Over the past decade, a new set of interactive, open, participatory and networked spatial media have become widespread. These include mapping platforms, virtual globes, user-generated spatial databases, geodesign and architectural and planning tools, urban dashboards and citizen reporting geo-systems, augmented reality media, and locative media. Collectively these produce and mediate spatial big data and are re-shaping spatial knowledge, spatial behaviour, and spatial politics. Understanding Spatial Media brings together leading scholars from around the globe to examine these new spatial media, their attendant technologies, spatial data, and their social, economic and political effects. The 22 chapters are divided into the following sections: • Spatial media technologies • Spatial data and spatial media • The consequences of spatial media Understanding Spatial Media is the perfect introduction to this fast emerging phenomena for students and practitioners of geography, urban studies, data science, and media and communications.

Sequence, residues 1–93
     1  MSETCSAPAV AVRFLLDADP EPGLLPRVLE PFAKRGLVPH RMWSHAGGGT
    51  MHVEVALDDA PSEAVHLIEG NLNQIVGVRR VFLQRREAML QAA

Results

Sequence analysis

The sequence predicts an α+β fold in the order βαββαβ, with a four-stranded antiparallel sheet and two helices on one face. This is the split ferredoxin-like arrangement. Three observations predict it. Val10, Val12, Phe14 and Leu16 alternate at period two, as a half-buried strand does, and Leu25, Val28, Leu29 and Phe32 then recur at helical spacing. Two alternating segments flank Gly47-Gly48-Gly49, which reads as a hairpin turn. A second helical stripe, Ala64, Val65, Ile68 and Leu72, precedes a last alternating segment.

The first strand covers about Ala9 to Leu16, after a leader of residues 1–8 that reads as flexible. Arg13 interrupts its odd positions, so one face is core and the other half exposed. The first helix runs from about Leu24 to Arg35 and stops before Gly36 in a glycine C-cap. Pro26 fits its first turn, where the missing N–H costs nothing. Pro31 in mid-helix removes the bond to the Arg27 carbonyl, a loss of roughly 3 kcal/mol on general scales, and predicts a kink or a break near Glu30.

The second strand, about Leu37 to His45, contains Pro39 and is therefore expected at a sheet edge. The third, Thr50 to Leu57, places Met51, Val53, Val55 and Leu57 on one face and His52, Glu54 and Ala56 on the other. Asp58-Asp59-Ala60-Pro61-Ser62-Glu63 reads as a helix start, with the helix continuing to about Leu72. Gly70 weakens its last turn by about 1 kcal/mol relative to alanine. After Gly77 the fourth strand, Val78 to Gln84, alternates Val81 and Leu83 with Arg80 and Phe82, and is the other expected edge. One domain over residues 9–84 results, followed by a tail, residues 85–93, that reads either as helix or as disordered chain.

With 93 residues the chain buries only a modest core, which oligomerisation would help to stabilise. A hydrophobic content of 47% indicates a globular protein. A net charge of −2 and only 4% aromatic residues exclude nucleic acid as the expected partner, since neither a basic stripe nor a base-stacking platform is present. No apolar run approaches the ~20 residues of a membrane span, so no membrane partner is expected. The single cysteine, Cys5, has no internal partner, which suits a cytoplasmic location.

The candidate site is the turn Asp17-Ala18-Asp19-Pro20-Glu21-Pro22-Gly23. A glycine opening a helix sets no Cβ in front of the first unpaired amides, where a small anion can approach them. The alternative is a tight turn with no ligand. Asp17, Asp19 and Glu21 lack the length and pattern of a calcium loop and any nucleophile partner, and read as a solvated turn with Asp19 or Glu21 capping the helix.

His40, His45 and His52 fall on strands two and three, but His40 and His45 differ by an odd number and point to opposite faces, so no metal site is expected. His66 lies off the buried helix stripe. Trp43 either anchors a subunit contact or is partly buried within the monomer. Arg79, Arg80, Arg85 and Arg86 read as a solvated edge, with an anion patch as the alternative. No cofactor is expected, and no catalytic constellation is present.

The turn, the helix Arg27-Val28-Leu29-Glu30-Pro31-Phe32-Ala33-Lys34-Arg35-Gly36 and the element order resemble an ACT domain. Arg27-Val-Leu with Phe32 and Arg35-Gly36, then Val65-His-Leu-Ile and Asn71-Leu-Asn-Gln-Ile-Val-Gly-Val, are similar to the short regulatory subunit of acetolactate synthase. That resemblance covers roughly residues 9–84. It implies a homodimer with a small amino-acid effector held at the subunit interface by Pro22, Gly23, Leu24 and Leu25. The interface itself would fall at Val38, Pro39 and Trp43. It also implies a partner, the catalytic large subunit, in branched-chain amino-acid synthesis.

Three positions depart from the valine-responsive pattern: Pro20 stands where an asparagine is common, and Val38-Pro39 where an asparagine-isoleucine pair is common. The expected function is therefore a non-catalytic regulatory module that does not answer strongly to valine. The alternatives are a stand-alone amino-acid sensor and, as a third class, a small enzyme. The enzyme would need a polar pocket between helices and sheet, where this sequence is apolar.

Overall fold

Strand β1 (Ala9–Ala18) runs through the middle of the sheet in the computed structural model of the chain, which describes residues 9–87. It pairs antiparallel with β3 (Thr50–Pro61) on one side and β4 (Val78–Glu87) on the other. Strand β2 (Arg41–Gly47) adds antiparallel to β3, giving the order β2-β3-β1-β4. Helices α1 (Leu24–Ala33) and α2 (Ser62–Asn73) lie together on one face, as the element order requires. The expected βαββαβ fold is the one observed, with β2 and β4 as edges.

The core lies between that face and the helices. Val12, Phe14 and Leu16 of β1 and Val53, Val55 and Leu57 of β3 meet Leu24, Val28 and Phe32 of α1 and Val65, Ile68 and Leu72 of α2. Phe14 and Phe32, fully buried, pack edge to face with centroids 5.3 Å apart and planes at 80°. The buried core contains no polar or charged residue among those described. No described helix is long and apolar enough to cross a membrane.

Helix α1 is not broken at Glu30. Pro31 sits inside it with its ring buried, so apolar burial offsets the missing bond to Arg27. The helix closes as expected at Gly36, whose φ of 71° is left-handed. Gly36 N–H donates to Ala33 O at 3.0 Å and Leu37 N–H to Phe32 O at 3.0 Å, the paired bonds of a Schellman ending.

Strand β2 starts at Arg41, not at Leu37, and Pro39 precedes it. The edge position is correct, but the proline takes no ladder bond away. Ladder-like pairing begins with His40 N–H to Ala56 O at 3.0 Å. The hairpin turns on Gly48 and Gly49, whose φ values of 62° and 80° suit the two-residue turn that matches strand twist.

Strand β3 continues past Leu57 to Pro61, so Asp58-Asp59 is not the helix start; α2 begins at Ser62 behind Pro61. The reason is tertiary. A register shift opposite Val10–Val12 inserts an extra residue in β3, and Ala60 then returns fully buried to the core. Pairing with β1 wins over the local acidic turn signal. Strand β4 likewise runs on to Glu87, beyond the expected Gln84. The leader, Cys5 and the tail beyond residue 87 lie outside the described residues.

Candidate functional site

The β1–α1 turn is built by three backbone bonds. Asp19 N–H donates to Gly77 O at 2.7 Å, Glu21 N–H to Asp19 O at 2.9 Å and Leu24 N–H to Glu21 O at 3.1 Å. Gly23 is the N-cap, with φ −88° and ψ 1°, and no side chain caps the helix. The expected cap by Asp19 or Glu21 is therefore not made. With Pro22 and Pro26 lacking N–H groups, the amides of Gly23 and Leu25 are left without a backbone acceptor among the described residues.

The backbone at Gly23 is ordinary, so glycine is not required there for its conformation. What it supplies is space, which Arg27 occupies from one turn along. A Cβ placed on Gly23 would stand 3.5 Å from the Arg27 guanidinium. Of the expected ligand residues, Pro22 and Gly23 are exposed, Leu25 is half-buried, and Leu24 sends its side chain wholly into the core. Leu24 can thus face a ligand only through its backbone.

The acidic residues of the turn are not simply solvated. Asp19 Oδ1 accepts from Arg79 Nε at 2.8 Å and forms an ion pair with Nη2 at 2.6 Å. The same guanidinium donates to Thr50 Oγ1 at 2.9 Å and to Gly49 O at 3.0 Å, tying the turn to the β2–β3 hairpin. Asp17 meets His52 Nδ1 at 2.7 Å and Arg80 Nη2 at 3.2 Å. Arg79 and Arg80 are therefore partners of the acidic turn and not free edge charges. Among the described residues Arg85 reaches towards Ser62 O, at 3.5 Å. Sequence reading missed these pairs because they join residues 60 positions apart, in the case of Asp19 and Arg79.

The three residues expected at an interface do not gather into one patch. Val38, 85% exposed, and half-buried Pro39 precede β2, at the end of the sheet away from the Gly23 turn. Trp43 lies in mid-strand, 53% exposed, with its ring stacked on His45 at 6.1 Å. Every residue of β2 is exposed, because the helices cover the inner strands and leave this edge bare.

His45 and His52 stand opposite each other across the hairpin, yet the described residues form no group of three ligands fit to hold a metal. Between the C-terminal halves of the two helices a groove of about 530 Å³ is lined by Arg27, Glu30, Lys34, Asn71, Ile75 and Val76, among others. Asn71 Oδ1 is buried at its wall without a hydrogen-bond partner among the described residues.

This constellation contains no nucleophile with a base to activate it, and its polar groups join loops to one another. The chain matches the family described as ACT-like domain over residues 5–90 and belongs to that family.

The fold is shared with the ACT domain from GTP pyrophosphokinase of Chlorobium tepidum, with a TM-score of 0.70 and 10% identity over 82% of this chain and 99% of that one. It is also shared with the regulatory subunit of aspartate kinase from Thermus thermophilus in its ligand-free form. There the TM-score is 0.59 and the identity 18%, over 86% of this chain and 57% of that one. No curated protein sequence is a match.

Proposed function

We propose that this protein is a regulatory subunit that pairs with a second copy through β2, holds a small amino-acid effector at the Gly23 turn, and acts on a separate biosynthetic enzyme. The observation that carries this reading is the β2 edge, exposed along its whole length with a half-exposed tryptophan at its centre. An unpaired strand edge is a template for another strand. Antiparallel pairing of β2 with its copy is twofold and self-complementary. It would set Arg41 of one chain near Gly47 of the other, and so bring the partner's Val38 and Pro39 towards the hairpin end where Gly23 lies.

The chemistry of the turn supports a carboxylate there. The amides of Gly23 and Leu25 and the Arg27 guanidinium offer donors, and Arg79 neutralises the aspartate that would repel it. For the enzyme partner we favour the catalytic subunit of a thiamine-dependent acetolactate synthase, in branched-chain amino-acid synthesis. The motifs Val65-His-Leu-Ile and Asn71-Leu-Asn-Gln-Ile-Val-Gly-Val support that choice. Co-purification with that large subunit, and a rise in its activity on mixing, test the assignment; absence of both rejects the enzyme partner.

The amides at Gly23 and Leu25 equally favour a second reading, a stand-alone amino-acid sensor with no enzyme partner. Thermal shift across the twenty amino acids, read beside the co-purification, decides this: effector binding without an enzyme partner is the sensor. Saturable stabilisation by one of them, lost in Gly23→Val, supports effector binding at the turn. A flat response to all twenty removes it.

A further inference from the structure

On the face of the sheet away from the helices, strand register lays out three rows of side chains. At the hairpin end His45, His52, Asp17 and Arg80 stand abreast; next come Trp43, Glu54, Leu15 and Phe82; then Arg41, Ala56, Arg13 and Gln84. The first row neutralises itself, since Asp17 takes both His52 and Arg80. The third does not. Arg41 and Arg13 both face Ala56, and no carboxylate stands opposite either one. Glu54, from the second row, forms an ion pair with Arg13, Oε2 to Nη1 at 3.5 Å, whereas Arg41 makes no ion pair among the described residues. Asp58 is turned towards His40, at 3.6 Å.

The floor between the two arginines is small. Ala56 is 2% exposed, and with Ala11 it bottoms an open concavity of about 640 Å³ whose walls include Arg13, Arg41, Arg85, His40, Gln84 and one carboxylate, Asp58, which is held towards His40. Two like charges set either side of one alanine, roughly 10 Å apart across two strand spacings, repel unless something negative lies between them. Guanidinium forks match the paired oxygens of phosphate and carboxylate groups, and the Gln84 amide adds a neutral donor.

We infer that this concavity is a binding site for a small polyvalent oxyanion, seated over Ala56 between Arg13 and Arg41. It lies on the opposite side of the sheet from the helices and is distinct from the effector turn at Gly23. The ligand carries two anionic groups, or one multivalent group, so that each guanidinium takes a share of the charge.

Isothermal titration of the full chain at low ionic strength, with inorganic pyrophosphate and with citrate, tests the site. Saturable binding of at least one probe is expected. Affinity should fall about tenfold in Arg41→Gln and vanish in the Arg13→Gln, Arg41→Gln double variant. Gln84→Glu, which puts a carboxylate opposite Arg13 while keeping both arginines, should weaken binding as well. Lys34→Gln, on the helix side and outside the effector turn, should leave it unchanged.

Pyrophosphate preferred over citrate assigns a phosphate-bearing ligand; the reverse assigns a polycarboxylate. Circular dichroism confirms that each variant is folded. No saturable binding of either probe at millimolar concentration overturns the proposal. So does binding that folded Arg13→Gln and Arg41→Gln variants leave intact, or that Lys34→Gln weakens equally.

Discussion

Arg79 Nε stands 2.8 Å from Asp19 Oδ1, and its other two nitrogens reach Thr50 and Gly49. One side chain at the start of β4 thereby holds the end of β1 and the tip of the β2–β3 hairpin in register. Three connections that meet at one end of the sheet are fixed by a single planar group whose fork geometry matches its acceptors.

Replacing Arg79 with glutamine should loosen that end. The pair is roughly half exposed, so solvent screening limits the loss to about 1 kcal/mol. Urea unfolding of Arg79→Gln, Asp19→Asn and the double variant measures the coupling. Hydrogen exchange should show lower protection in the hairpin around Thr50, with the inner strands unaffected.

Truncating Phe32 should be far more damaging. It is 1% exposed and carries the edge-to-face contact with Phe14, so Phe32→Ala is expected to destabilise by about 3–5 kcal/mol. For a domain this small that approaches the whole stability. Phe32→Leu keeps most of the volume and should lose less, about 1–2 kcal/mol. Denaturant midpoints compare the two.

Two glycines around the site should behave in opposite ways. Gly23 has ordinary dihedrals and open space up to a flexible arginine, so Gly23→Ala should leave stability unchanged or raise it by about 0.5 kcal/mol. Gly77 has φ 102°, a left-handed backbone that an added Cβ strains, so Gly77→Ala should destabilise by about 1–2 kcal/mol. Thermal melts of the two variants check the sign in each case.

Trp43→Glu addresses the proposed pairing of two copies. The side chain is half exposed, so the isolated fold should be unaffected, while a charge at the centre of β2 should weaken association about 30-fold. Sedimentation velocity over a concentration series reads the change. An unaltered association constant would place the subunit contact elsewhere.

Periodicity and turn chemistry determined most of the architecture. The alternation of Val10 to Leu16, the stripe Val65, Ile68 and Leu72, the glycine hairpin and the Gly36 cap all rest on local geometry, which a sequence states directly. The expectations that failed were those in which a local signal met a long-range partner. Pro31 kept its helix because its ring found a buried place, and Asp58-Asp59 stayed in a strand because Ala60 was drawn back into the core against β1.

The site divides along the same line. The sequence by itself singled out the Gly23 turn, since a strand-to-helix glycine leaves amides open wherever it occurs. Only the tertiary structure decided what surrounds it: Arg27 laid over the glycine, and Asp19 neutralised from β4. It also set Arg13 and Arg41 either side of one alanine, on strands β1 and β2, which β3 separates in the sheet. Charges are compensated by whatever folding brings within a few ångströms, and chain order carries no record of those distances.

Digital mapping concerns the art and science of using digital technologies to deal with geospatial data. I say ‘deal with’ to include digitally mediated processes of collecting data, transforming them, weeding them out and combining them with other geospatial data. And beyond that, sharing and passing forward maps or mappable digital spatial data. Digital mapping may involve the production of maps, whether on a computer screen or displayed on mobile devices – although they may or may not be the ultimate product.
A problem with this sort of definition is that digital mapping is not a historically consistent object. Any definition I might contrive to fit today’s digitally mediated landscape is not going to fit yesterday’s ...